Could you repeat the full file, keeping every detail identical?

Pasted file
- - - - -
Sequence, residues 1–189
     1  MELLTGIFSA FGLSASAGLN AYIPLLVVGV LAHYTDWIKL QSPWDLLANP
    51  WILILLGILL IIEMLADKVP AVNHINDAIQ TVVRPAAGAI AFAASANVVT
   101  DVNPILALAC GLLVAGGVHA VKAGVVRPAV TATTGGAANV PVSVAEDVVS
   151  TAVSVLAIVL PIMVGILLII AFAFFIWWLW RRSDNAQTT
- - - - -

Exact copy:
Sequence, residues 1–189
     1  MELLTGIFSA FGLSASAGLN AYIPLLVVGV LAHYTDWIKL QSPWDLLANP
    51  WILILLGILL IIEMLADKVP AVNHINDAIQ TVVRPAAGAI AFAASANVVT
   101  DVNPILALAC GLLVAGGVHA VKAGVVRPAV TATTGGAANV PVSVAEDVVS
   151  TAVSVLAIVL PIMVGILLII AFAFFIWWLW RRSDNAQTT